It's been a banner year for "separating the art from the artist". There's the ongoing dilemma of Woody Allen, who recently released his first TV series on Amazon (following on his latest film "Cafe Society") and of course, there's the neverending story of Nate Parker's rape scandal. Earlier this summer, another lauded filmmaker John Carney showed his bad side when he publicly and needlessly criticized Keira Knightley's acting in "Begin Again". But as with the other notorious men above (among others), Carney has managed to make the work speak for itself, delivering another wonderful film with "Sing Street".
Set in Dublin during the 1980s, "Sing Street" chronicles a pivotal year in the life of Conor (Ferdia Walsh-Peelo), a youngest son of a crumbling middle class family. With both his parents struggling financially and their marriage doomed to fail, Conor bears the brunt of the family's woes when he is moved from private school to public school to cut costs. As expected, the transition takes a lot of adjustment, as the strict Catholic school rules and the intimidating all-male atmosphere makes his first days a nightmare. His first new friend Darren (Ben Carolan, a terrific newcomer) recommends he find a coping mechanism, which soon comes in the form of the beautiful aspiring model Raphina (Lucy Boynton, a perfectly cast "Helen of Troy" type). In an effort to impress her, he claims that he's starting a band and needs her to be in his music video. With no way out of this lie, Conor is forced to live up to his bold claims. But with the help of Darren, his musically-inclined older brother Brendan and a few eager recruits, the dream becomes a reality. And the rest as they say, is history, as Conor goes through a eventful year filled with music, love, friendship and family.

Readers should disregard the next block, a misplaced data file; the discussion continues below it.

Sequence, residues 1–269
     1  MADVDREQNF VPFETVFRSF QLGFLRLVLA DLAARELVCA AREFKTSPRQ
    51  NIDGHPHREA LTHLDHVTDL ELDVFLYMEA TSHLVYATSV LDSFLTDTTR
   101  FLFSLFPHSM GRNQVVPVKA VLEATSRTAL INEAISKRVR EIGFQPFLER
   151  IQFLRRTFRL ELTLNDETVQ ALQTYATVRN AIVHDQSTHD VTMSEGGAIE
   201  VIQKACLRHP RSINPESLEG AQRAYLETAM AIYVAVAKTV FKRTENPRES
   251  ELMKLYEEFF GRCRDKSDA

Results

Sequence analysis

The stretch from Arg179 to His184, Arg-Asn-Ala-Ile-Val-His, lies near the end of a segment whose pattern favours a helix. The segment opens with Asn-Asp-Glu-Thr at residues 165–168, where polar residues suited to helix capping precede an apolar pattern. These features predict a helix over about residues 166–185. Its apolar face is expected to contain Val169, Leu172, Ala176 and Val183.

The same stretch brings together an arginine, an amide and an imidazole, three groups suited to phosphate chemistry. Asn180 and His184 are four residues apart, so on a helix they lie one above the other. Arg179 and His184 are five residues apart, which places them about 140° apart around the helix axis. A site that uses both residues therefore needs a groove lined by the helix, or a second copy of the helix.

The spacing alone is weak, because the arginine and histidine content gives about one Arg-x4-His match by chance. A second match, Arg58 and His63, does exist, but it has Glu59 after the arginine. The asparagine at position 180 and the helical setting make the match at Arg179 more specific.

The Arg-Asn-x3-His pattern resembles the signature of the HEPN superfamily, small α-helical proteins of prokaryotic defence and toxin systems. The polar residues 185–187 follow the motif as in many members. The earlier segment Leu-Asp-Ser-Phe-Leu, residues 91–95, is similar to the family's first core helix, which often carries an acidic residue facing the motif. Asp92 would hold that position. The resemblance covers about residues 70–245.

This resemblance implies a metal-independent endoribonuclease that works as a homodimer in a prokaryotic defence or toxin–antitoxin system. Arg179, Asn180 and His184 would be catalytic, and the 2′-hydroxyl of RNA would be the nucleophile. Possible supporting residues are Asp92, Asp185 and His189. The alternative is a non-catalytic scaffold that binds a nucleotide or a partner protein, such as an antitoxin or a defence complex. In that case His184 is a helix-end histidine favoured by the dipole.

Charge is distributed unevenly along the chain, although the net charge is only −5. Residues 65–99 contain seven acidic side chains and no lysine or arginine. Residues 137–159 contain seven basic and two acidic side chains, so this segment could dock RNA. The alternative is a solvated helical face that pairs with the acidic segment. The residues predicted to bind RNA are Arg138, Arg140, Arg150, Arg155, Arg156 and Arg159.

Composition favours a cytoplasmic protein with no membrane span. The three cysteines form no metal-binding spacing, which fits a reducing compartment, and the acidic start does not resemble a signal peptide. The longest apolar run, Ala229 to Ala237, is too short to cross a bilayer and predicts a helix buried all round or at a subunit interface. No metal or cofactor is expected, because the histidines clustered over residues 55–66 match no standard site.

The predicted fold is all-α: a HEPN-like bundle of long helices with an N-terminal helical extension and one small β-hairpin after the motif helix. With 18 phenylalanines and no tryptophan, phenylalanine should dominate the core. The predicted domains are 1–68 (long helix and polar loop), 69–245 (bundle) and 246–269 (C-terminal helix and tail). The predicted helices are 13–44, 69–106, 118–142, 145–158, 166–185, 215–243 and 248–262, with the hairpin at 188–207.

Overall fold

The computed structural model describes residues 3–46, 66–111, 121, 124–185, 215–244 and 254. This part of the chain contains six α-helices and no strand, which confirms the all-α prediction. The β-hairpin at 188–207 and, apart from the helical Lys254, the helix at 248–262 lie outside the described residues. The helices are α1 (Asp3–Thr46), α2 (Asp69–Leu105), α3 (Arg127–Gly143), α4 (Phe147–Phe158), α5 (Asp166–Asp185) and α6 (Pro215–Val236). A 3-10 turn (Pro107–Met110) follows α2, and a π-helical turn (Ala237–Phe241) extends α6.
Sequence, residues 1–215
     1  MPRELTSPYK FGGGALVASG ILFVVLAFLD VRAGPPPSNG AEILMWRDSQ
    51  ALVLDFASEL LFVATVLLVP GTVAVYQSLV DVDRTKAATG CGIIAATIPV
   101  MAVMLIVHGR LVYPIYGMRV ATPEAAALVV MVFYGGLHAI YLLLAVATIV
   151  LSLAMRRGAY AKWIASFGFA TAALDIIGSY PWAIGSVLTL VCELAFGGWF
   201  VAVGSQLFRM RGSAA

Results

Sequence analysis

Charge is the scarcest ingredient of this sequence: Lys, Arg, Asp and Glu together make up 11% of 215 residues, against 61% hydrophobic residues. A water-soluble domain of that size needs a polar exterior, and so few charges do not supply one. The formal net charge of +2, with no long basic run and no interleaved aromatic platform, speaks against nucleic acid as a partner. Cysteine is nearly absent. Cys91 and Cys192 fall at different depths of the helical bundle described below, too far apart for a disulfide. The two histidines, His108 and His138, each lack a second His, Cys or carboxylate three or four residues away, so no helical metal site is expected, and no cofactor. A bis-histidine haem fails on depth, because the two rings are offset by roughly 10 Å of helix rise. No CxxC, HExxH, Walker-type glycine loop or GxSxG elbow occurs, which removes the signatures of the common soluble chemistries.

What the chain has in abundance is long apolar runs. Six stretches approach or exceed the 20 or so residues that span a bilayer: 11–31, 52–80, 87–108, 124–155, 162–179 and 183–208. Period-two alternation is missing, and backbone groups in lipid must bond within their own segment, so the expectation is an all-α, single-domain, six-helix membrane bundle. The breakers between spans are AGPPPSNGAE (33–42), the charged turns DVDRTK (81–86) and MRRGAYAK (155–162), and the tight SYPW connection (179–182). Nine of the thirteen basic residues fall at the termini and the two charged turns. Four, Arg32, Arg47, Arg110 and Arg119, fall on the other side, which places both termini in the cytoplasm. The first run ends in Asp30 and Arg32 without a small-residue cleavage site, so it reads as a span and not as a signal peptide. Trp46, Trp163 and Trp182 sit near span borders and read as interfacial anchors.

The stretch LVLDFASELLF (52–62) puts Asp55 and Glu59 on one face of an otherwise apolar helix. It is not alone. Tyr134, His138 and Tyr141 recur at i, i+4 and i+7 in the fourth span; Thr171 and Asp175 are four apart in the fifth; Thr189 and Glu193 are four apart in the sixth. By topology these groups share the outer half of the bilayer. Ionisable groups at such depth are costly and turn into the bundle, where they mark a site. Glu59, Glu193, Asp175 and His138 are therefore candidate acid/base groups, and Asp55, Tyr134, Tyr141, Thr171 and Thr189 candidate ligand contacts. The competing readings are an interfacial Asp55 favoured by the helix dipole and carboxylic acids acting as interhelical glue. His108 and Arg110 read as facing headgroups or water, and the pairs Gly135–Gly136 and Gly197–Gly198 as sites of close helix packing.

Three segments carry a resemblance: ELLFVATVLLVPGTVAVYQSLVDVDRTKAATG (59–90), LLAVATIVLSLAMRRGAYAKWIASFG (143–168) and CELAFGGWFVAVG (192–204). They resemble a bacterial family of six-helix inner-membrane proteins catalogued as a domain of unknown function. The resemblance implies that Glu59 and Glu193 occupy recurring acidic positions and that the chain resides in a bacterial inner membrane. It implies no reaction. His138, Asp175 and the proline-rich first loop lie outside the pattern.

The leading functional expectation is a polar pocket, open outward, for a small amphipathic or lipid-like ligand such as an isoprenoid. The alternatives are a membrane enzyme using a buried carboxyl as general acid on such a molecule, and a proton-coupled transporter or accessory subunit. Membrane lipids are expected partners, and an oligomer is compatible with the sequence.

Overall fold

Taking a deep plunge into the world of an Irish teen in an 80s high school, Carney crafts a truly winning film. As befitting the time period, the hair, clothes, makeup and of course, the music make a defiant statement. Through the eyes of Conor, we feel the excitement of the wave of change about to come, sparked by the emergence of the music video and its associated MTV culture. And as with any John Carney film, the awesome soundtrack is inseparable from the film's storytelling.
But what makes the film so rewarding isn't due to only the fabulous visual design, rebellious spirit and endearing romance (Walsh-Peelo and Boynton make excellent screen partners). Indeed, the story's true brilliance lies in how the these aspects are underscored by melancholy. The clothing and makeup for example, serve to rebuke the school's aggressively strict rules. Meanwhile the vibrancy of these young characters is fueled by a desire to escape the angst of broken homes, thwarted dreams and the general oppressive atmosphere of their small, puritanical town.
At one point Raphina explains to Conor the virtues of embracing the state of being "happy-sad". And this oxymoron is the perfect way to describe what makes "Sing Street" so special. Sometimes the most rewarding feel-good movies are the ones with a dose of harsh reality underneath the bliss.